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News

News, nuggets and longreads 20 April 2024: Slap Shot

Every Saturday we share links to a selection of articles or blog posts about beer and pubs. This time we’ve got Art Deco pubs, posh publicans and lethal breweries.

First, some news. The Stonegate pub chain has issued a profit warning putting the future of its more than 4,000 outlets in doubt. This story also highlights the problem with chains: when they go, it can potentially wipe out a bunch of pubs at once, rather than the slow drip-drip of closures, causing a jolt across the industry.


An illustration from an old book of a village inn.

Still on the subject of pubs under threat, for Pellicle Jacob Smith has written a provocative piece questioning the benefits of pubs being taken over and run by local communities:

In a 2022 report, the Plunkett Foundation, a charity which helps rural communities in Britain to create and run community-owned businesses, reported that only one in 12 rural community-owned pub projects reached trading status. That means 91.7% of all rural community ownership pub bids failed without ever pouring a pint. These failed bids are rarely, if ever, highlighted by mainstream media. And while it’s human nature to focus on the winners and allow the also-rans the dignity of anonymity, such blatant survivorship bias risks distorting our perception.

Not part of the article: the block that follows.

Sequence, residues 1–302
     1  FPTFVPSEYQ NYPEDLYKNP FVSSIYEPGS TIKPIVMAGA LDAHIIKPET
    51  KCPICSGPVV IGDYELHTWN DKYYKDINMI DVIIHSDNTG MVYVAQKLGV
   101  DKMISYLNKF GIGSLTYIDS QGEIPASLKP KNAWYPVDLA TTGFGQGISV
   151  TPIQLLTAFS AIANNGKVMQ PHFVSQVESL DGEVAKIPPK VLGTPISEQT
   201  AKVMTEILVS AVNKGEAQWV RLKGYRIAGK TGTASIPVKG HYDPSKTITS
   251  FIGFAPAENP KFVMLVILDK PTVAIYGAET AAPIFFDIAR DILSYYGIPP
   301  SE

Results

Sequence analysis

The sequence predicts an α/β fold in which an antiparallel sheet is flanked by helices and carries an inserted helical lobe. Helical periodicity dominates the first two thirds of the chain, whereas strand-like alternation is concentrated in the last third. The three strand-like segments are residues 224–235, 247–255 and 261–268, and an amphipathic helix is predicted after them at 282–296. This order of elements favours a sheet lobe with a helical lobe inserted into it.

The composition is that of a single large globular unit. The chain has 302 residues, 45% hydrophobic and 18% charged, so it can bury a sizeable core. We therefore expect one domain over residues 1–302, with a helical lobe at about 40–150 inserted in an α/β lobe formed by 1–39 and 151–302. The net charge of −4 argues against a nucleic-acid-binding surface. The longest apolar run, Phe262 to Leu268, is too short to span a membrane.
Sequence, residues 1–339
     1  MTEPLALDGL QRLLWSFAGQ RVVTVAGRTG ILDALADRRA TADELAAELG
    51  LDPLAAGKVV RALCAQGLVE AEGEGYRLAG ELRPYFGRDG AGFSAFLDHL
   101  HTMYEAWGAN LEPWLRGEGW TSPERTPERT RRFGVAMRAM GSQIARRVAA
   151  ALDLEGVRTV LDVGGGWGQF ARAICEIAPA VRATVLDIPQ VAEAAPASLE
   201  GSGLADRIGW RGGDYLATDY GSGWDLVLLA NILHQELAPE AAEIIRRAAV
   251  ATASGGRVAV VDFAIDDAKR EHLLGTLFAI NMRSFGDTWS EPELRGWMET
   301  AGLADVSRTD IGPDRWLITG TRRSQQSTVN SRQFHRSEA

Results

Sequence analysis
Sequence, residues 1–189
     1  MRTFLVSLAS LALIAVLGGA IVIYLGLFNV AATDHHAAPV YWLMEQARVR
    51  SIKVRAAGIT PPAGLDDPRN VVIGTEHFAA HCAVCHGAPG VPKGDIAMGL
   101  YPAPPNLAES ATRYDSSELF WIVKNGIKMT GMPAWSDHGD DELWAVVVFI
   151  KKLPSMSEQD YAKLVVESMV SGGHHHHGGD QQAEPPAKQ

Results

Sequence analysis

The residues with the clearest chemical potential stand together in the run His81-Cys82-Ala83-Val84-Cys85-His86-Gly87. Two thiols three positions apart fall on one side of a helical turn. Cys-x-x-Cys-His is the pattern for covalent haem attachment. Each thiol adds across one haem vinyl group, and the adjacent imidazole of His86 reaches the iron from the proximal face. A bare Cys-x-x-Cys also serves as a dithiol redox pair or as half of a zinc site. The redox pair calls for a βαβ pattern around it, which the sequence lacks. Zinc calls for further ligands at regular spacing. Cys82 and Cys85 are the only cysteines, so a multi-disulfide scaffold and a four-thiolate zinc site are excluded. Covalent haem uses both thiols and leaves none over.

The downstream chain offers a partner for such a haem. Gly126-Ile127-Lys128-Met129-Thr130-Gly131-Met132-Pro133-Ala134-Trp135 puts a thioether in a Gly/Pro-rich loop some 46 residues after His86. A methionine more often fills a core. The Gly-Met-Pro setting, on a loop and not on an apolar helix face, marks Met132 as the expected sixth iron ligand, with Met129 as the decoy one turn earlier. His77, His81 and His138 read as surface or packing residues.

The Art Deco Yacht Inn in Penzance, in the sun.

We’re going to bundle together two related posts here, both about inter-war pubs. First, there’s a piece by Joshua Abbott of Modernism in Metroland about modernist and Art Deco pubs in outer London:

The breweries of the 1920s and 30s wanted to overhaul the image of the pub, changing it from a dirty, dark place of drunkenness to somewhere light, spacious and family friendly. To do this they employed architects or even founded their own in-house design departments to produce pubs that the average, respectable citizen would be happy to be seen in. These new pubs were often built besides the new ring roads and bypasses being constructed at the time. Middle class families could take their newly purchased car out for a Sunday drive and have lunch at a suitable pub along the way. A nice example is the neo-Tudor style Daylight Inn in Petts Wood opened in 1935 by Charringtons Brewery, and designed by their in-house architect Sidney Clark.

Then, over at Pub Gallery, Dermot Kennedy has part one of a series of heavily-illustrated posts about Art Deco pubs, starting with those to be found on the English coast: